Hispanics in the United States outlive whites by more than two years and blacks by almost eight years, U.S. government researchers said Wednesday. The report is the strongest evidence yet of what some experts call the 'Hispanic paradox' - longevity for a population with a large share of poor, undereducated members.
ATLANTA - Hispanics in the United States outlive whites by more than two years and blacks by almost eight years, U.S. government researchers said Wednesday.
Other experts said clean living may play a role.
They said the life expectancy for a Hispanic baby at birth is nearly 81, compared with 78 years for non-Hispanic white babies and just under 73 for black babies.
As a population, U.S. residents born in 2006 can expect to live 77.7 years, according to the new report by the U.S. Centers for Disease Control and Prevention's National Center for Health Statistics.
The report released Wednesday is the strongest evidence yet of what some experts call the "Hispanic paradox" - longevity for a population with a large share of poor, undereducated members.
A leading theory is that Hispanics who manage to immigrate to the United States are among the healthiest from their countries.
Researchers have seen signs of Hispanic longevity for years. But until recently, the government didn't calculate life expectancy for Hispanics as a separate group; they were included among the black and white populations. The new report projecting future life spans is based on death certificates from 2006.
By breaking out the longer-living Hispanics, the life expectancies for non-Hispanic whites and blacks declined slightly, said the report's author, Elizabeth Arias of the Centers for Disease Control and Prevention.
Hispanics are the largest, fastest growing minority in the United States, accounting for 15 percent of the population.
An estimated 40 percent of them are immigrants, who in some cases arrived after arduous journeys to do taxing manual labor.
It takes a fit person to accomplish that, suggesting that the United States is gaining some of the healthi-est people born in Mexico and other countries, said Dr. Peter Muennig of Columbia University's school of public health who has studied life expectancy in different countries.
In spite of having less education and access to care, Latinos have a 35 percent lower risk of death from heart disease, a 40 percent lower risk of cancer, and a 25 percent lower risk of stroke than the general population, said David Hayes-Bautista of the Center for the Study of Latino Health and Culture at the University of California Los Angeles.
Mr. Hayes-Bautista said the reasons are not yet clear, but he thinks it is likely because of culture and behavioral differences rather than genetics, given that U.S. Hispanics are such a diverse group.
"Latinos compared to non-Hispanic whites are far less likely to smoke, drink, and use drugs," he said.
Compared to the estimate for all U.S. Hispanics, life expectancy is almost 2 years lower in Puerto Rico, more than 2 years lower in Cuba, and more than 4 years lower in Mexico, World Health Organization figures state.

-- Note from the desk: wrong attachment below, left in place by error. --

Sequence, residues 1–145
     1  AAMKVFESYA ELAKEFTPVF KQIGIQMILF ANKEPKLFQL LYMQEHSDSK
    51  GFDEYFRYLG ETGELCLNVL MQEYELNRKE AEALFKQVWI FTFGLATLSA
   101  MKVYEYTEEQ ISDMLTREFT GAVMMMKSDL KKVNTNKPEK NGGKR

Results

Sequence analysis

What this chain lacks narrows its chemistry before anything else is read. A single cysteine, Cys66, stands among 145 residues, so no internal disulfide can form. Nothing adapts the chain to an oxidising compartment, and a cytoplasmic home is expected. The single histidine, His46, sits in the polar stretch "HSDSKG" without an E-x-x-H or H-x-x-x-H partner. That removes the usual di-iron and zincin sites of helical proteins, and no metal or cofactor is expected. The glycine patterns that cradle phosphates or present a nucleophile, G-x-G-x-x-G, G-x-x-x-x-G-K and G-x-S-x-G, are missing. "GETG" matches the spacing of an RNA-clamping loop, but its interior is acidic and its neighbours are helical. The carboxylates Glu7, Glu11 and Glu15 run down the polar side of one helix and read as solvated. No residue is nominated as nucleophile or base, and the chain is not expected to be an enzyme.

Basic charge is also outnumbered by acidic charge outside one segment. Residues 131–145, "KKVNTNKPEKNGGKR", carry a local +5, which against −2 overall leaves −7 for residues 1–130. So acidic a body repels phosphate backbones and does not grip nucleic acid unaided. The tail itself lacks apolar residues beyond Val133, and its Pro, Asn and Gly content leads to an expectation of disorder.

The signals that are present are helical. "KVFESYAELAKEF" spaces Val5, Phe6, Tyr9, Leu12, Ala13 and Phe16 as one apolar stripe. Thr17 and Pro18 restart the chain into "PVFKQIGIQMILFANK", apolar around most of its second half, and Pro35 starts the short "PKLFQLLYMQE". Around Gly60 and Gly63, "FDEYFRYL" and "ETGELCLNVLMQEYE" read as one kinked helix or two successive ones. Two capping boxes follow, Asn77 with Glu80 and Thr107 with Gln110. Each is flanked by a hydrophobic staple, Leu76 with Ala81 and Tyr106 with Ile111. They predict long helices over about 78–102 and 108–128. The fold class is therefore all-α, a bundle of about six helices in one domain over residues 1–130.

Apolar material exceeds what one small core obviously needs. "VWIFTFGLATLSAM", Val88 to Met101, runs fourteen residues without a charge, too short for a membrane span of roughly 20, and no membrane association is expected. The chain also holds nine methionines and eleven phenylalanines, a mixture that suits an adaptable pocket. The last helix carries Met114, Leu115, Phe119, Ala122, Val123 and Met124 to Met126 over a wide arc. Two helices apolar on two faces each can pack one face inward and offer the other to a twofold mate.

However, experts say that immigrant hardiness diminishes within a couple of generations of living here. Many believe it's because the children of immigrants take up smoking, fast-food diets, and other habits blamed for wrecking the health of other ethnic populations.
"The American lifestyle is very sedentary. That's not a good thing," said Jane Delgado, president of the National Alliance for Hispanic Health.
Health researchers have seen a strong link between poverty, lack of education, and life-shortening health problems. Hispanics are disadvantaged in those areas: About 19 percent of Hispanics live at or below the federal poverty level - three times more than whites. As for education, fewer than 13 percent of Hispanics have a college degree, compared to 17 percent of blacks, and 30 percent of whites.
Indeed, past CDC studies have shown that Hispanics suffer some diseases at higher rates than whites, including diabetes and heart disease. But their death rates from those diseases were lower, not higher.
In 1986, some researchers had been reporting what appeared to be lower death rates among Hispanics compared to other groups in some parts of the country. But a national estimate was difficult.
Calculating life expectancy is a tough task that requires analyzing extensive information about how people died and how old they were, as well as statistical modeling to predict how long people born today will live if current trends continue.
Ms. Arias' report suggests the life expectancy for non-Hispanic blacks and whites is lower by a couple of months than was previously estimated.
Specifically, life expectancy for whites born in 2006 is 78 years and 1 month and for blacks, 72 years and 11 months.
There are limitations to the report. For example, it could not account for all Hispanics who move back to their countries of origin to die.
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